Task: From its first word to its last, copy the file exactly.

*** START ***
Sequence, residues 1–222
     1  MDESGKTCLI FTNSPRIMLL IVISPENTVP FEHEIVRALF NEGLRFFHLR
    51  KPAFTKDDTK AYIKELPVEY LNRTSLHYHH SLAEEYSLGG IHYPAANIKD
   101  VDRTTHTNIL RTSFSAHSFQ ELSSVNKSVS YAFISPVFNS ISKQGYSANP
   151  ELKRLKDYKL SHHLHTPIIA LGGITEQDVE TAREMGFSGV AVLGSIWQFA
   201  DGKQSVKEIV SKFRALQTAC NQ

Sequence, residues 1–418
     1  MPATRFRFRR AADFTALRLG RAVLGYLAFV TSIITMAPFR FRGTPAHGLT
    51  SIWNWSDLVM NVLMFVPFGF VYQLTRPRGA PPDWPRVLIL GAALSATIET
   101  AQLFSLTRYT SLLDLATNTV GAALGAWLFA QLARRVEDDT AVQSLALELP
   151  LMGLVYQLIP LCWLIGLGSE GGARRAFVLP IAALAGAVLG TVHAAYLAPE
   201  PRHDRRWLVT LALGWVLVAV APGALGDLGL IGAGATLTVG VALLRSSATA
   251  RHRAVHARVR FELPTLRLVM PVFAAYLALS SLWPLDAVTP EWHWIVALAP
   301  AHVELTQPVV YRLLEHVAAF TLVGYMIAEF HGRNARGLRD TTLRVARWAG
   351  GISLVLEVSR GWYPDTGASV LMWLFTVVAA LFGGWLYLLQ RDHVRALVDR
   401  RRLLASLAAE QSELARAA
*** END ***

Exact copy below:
Sequence, residues 1–222
     1  MDESGKTCLI FTNSPRIMLL IVISPENTVP FEHEIVRALF NEGLRFFHLR
    51  KPAFTKDDTK AYIKELPVEY LNRTSLHYHH SLAEEYSLGG IHYPAANIKD
   101  VDRTTHTNIL RTSFSAHSFQ ELSSVNKSVS YAFISPVFNS ISKQGYSANP
   151  ELKRLKDYKL SHHLHTPIIA LGGITEQDVE TAREMGFSGV AVLGSIWQFA
   201  DGKQSVKEIV SKFRALQTAC NQ

Sequence, residues 1–418
     1  MPATRFRFRR AADFTALRLG RAVLGYLAFV TSIITMAPFR FRGTPAHGLT
    51  SIWNWSDLVM NVLMFVPFGF VYQLTRPRGA PPDWPRVLIL GAALSATIET
   101  AQLFSLTRYT SLLDLATNTV GAALGAWLFA QLARRVEDDT AVQSLALELP
   151  LMGLVYQLIP LCWLIGLGSE GGARRAFVLP IAALAGAVLG TVHAAYLAPE
   201  PRHDRRWLVT LALGWVLVAV APGALGDLGL IGAGATLTVG VALLRSSATA
   251  RHRAVHARVR FELPTLRLVM PVFAAYLALS SLWPLDAVTP EWHWIVALAP
   301  AHVELTQPVV YRLLEHVAAF TLVGYMIAEF HGRNARGLRD TTLRVARWAG
   351  GISLVLEVSR GWYPDTGASV LMWLFTVVAA LFGGWLYLLQ RDHVRALVDR
   401  RRLLASLAAE QSELARAA